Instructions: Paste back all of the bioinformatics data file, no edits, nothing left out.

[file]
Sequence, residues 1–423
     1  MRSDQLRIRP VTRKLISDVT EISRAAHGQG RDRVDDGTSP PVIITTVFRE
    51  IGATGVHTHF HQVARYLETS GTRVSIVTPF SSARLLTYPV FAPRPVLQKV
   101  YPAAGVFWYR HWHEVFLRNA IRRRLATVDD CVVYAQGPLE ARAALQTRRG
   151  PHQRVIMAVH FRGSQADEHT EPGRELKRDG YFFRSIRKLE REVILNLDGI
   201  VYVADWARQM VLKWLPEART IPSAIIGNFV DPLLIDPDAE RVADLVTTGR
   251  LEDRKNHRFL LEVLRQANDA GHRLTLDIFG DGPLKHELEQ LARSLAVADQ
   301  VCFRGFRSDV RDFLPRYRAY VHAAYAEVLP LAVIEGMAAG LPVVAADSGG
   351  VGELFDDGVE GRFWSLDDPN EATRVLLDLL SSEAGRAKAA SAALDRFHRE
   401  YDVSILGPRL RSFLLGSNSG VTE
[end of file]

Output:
Sequence, residues 1–423
     1  MRSDQLRIRP VTRKLISDVT EISRAAHGQG RDRVDDGTSP PVIITTVFRE
    51  IGATGVHTHF HQVARYLETS GTRVSIVTPF SSARLLTYPV FAPRPVLQKV
   101  YPAAGVFWYR HWHEVFLRNA IRRRLATVDD CVVYAQGPLE ARAALQTRRG
   151  PHQRVIMAVH FRGSQADEHT EPGRELKRDG YFFRSIRKLE REVILNLDGI
   201  VYVADWARQM VLKWLPEART IPSAIIGNFV DPLLIDPDAE RVADLVTTGR
   251  LEDRKNHRFL LEVLRQANDA GHRLTLDIFG DGPLKHELEQ LARSLAVADQ
   301  VCFRGFRSDV RDFLPRYRAY VHAAYAEVLP LAVIEGMAAG LPVVAADSGG
   351  VGELFDDGVE GRFWSLDDPN EATRVLLDLL SSEAGRAKAA SAALDRFHRE
   401  YDVSILGPRL RSFLLGSNSG VTE